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Fast Swimming Tips from the F-Teamers

Ever wondered how the top swimmers in the world swim so fast? Well look no further as the UK F-Team have got you covered.

 

 

The UK F-team are athletes sponsored by Funky Trunks and Funkita swimwear. Aimee Willmott, Molly Renshaw and Max Litchfield are just some of the big GB names sponsored by the brand. These guys know what they’re talking about and have shared with us some of their top tips for fast swimming.

 

When swimming freestyle try not to bury your head and look too far down. Try looking at a 45-degree out in front, as this will improve your body line. – Ellie Faulkner (Double Olympian)

 

Timing on butterfly is really important so this is something I would recommend you work on. The big kick, little kick drill really helps to time the breath. The better your timing the more rhythm and momentum you carry through the stroke making it easier and faster. - Tain Bruce (Scottish Record Holder)

 

Rotation is really important when swimming freestyle and especially during backstroke. You don’t want to rotate too far, as this makes you slower, but the closer you can get to a 75-dregree angle the more water you are able to catch and press during each arm pull. – Aimee Willmott (Olympic Finalist)

 

Breastroke is really easy to rush but a faster stroke rate doesn’t always mean faster swimming. Hold the glide phase at the end of each stroke to maximise the power from your kick. - Molly Renshaw (Olympic Finalist)

 

Enjoy what you are doing and don’t put too much pressure on yourself especially when racing. The more relaxed you are the faster you can swim. - Abbie Wood (European Junior Gold Medalist)

 

When racing stay relaxed, stay focused and swim your own race. Trust the training you have done and let the race flow. - Max Litchfield (400 IM Commonwealth Record Holder)

 

 

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Finally, we asked you what you wanted to know, so here are some of your questions answered by the F-Team!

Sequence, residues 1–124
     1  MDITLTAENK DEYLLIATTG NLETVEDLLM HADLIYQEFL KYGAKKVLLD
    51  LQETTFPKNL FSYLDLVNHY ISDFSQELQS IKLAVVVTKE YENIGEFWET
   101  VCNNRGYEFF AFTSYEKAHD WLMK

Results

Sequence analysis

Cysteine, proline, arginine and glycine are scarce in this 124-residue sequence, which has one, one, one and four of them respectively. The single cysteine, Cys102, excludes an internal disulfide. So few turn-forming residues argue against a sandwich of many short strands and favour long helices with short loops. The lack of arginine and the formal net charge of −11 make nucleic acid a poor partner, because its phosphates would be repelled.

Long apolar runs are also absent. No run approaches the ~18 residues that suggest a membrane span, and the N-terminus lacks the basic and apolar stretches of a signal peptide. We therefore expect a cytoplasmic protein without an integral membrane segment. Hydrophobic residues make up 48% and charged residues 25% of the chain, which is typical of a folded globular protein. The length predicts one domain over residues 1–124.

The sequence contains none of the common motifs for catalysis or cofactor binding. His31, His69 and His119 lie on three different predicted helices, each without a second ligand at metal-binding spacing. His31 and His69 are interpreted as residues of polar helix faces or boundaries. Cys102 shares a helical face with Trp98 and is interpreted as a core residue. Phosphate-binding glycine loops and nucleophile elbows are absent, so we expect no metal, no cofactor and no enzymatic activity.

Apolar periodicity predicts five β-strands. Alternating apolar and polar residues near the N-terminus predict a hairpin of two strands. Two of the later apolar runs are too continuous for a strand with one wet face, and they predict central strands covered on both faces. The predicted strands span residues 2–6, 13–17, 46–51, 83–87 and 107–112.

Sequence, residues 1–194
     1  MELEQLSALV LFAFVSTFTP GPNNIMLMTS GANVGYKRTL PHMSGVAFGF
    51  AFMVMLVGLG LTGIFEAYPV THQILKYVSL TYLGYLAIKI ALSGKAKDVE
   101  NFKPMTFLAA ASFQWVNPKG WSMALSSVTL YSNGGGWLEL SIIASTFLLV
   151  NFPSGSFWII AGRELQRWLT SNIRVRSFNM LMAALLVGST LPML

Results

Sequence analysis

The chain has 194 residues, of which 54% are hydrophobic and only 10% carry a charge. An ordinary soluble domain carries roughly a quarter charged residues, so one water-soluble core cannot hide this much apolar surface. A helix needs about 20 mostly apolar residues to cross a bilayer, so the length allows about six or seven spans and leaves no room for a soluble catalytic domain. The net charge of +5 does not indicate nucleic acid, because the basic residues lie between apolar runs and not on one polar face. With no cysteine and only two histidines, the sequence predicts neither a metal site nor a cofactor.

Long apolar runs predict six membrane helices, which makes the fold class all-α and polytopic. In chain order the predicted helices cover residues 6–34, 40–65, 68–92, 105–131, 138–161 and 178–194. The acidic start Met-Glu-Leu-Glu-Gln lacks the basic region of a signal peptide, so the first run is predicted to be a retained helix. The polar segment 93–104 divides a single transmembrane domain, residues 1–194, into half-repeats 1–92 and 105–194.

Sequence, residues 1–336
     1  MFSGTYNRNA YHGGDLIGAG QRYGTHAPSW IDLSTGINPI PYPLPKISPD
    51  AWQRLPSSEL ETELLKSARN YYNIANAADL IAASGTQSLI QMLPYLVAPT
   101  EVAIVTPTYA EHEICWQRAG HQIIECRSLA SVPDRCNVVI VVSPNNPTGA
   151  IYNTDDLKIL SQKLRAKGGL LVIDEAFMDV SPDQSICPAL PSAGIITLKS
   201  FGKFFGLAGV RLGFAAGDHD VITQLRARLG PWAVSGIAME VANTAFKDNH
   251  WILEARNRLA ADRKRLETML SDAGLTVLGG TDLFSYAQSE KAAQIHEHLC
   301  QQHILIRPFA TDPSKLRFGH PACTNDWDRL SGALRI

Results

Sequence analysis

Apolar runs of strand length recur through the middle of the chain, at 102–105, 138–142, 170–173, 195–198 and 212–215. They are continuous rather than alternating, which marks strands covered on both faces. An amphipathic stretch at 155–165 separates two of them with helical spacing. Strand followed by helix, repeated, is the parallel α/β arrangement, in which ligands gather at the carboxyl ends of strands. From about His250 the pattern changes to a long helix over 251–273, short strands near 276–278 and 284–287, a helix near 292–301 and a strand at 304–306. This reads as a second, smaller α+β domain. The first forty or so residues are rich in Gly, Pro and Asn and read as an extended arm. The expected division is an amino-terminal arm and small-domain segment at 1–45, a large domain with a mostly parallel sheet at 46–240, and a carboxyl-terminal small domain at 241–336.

How much of being an Olympic swimmer is based on your genetics (wing span/hand size etc..) and how much is based on training?

If you were to look at the F-Team as a group of swimmers we’re all completely different shapes and sizes so it’s almost impossible to state what genetics produce good swimmers. In general fly swimmers have shorter legs and a long torso but it’s not really set in stone. The only way to become an Olympian is to train hard. There is absolutely no other way to reach the top in elite sport. So if you’re a little kid dreaming of being an Olympian, start with working hard!

 

 

I used to swim competitively when I was younger and now want to get back into it for fitness and stamina. Besides just going to the pool and swimming as much as I can each time, how would you recommend I get back into it in order to build up my stamina and technique again?

I would start by doing plenty of kick, pull and drill work to begin with, to help get some feel back for the water. If you have fins use them as this will help. You can then start to build up the metres from there by adding a little more each session. You’ll be back in full swing before you know it!

 

 

What exercises can I do outside of the pool to help with my swimming?